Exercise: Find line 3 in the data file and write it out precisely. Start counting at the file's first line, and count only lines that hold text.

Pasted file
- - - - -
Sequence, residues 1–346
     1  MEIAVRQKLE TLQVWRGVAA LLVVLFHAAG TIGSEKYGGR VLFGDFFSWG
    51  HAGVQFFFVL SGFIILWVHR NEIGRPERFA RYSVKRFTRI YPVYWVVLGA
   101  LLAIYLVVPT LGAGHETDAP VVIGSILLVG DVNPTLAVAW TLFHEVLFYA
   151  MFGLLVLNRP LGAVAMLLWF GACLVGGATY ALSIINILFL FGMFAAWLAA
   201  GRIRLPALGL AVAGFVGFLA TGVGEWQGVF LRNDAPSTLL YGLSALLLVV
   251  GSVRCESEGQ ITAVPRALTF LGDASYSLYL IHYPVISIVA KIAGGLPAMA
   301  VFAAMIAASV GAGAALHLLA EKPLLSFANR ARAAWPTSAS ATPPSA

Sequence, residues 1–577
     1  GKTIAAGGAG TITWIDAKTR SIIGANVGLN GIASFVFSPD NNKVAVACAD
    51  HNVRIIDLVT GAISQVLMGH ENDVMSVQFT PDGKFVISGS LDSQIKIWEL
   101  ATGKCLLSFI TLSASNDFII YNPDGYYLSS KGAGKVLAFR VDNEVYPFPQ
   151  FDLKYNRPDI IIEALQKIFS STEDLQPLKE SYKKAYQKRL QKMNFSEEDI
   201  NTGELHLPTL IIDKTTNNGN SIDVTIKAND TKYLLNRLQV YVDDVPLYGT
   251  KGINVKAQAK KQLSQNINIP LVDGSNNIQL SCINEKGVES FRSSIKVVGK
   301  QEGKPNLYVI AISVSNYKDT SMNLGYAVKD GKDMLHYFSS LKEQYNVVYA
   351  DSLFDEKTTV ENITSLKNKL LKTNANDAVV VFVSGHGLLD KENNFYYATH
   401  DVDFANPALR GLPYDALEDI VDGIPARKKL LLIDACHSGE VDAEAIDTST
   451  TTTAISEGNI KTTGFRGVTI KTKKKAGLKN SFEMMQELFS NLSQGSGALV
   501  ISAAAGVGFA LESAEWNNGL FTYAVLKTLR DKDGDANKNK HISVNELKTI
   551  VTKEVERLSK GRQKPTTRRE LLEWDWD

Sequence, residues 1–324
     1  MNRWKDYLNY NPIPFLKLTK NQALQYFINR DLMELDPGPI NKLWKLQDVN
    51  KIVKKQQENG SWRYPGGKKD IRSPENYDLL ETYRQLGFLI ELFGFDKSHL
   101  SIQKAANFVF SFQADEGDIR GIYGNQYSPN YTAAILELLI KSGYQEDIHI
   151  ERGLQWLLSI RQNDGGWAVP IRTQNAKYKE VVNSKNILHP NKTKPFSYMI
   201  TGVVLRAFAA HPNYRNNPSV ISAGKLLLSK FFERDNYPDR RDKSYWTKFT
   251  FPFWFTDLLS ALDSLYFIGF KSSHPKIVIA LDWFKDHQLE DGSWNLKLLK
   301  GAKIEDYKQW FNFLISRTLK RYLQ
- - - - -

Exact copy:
    51  HAGVQFFFVL SGFIILWVHR NEIGRPERFA RYSVKRFTRI YPVYWVVLGA